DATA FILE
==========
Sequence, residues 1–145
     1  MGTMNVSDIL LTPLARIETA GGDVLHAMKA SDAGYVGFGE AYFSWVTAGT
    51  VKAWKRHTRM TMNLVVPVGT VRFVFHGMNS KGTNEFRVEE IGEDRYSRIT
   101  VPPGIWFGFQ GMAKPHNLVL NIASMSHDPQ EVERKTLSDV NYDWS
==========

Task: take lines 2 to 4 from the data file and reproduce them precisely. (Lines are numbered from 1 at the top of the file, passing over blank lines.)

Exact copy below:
     1  MGTMNVSDIL LTPLARIETA GGDVLHAMKA SDAGYVGFGE AYFSWVTAGT
    51  VKAWKRHTRM TMNLVVPVGT VRFVFHGMNS KGTNEFRVEE IGEDRYSRIT
   101  VPPGIWFGFQ GMAKPHNLVL NIASMSHDPQ EVERKTLSDV NYDWS